by Troy Johnson
Many of our readers and staff have been wondering when the grill at the Cruiser Cafe is going to cool down. Not for a while. There are so many new cooks heading for the kitchen that someone must still be in there shoveling coals onto the fire.
The menu there is amazingly varied. Starting with the 250 Virago, you can work your way through the Japanese manufacturers’ tasty treats up to the full-sized meal of a Valkyrie or Royal Star. Some folks live a faster paced life-style and just swing by for a quick V-Max or Magna. A large percentage of diners skip the appetizers and go for
the Harley-Davidson platter, while a few patient souls sit at the bar quietly sipping drinks until a Victory or Super X emerge from the slow-cooker.
Today’s plat du jour is a brand new recipe, the BMW R1200C, served to M.M.M. by Leo’s South.
The R1200C is BMWs first foray into the cruiser kitchen. That they are stirring these pots at all is a surprise to many, but any manufacturer looking at the business cruisers are doing is apt to start digging out the “Americana Classics” recipe book.
This bike is a solid design exercise in cruiser styling, yet the engineering is uncompromisingly modern. It points to the future of cruisers with its telelever front end and R1100-type “oilhead” engine. (Oil is circulated around the exhaust valves and through an oil cooler reducing cylinder head temperature by a claimed 158û. The Polaris Victory will circulate oil through “water” jackets in the cylinder heads. Both elegantly get around the “water cooled cruiser?” dilemma).
The engine is basically a bored and stroked R1100 power plant displacing 1170cc and with a completely new intake system, which provides more torque and less horsepower than the R1100 mill. It utilizes fuel injection and an automatic choke. Just turn the key, push the button and ride away.
The front frame is a unique cast aluminum unit that includes air passages for the dual oil-coolers that are nestled inside. The front suspension is a telelever unit kicked out farther than that on the rest of the beemers to stay with cruiser tradition. For cosmetic reasons BMW ditched the paralever rear end and went back to the monolever. They lengthened it quite a bit for shaft-drive engineering reasons and it now behaves similarly to the paralever.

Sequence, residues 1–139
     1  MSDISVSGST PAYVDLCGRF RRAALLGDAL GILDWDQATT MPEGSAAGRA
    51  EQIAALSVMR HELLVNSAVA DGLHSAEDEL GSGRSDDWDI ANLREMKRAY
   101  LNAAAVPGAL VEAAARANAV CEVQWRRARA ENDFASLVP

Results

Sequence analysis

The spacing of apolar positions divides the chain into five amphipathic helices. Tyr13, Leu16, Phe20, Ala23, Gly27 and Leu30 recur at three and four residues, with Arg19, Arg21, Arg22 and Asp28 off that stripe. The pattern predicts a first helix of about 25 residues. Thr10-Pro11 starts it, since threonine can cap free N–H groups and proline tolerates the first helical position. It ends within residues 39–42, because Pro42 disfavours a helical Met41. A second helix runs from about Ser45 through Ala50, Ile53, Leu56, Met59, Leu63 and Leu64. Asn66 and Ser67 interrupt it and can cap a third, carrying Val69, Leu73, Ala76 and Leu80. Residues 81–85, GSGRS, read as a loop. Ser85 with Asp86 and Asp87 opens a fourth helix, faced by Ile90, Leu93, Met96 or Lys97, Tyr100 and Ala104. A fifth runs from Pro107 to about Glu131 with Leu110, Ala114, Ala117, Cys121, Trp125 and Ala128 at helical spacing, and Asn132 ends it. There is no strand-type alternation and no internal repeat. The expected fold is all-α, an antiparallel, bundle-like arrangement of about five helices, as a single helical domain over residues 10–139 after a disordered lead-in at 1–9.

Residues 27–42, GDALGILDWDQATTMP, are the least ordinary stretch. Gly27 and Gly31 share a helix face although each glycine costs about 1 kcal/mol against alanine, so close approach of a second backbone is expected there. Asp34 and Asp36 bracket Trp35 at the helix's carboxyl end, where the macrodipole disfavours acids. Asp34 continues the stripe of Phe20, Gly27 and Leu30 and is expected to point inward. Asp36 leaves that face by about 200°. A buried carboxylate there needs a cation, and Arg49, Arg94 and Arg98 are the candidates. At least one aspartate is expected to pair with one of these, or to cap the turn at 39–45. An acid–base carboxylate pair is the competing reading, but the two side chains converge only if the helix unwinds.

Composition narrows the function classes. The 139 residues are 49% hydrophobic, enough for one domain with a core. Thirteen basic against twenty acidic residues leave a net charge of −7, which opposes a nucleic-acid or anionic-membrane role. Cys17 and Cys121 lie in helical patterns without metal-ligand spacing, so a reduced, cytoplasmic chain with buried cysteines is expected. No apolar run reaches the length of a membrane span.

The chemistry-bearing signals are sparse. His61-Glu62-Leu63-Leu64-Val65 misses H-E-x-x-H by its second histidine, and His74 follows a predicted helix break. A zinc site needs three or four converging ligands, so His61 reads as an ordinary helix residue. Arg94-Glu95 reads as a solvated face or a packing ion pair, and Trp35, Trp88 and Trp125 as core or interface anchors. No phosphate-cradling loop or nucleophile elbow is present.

The seat and hand-grips are leather. The rear seat doubles as an adjustable back rest. The R1200C has none of the plastic bolt-on doo-dads commonly found on off-shore cruisers. The list of plastic parts reads like this; rear-light support, instrument cover, mirrors.
Everything on the R1200C serves a function. Everything is at or near the front of motorcycle technology. Everything blends together seamlessly. This is one good-looking motorcycle. When idling at stop lights in south Minneapolis, people stopped in cross-walks to take a look and ask about it. Car drivers hollered out their windows “how much is it?”. This happens every time this bike stops.
The BMW cruiser has excellent handling manners to go along with its good looks. You do not have to wrestle it into or out of a full lean. During “spirited” rides on some twisty river roads it stayed firmly
planted on course and never got a case of the jitters. The cruiser version of BMW’s telelever front end works just as marvelously as its sportier relatives.
The engine makes gobs and gobs of torque. My guess is that first gear is designed for pulling U-Haul trailers so R1200 owners do not have to park their bikes on moving day. (At one point early in the ride I was under the impression that this five-speed transmission was a four-speed. I must have been using second as first.) The power starts way down low in the revs and doesn’t seem to quit. The engine pulls hard all the way up the gear box and smoothly propels the bike forward with more than a hint of authority.
The riding position is of course feet forward, back straight, arms stretched out chest-high. The leather hand-grips are a little slippery when mated with my well-worn favorite gloves. Putting the back-rest up removes the fear of twisting the throttle open and getting blown off the back of the bike. The foot-pegs and handlebars are
positioned well and the saddle is wide and firm making the R1200C a comfortable place to spend an afternoon.
The R1200C is a well thought out, well engineered and stunningly good looking machine. The money it takes to get your hands on one is no more than what it takes for any other top-shelf cruiser. It is a welcome addition to the chrome-plated corner of the motorcycling world.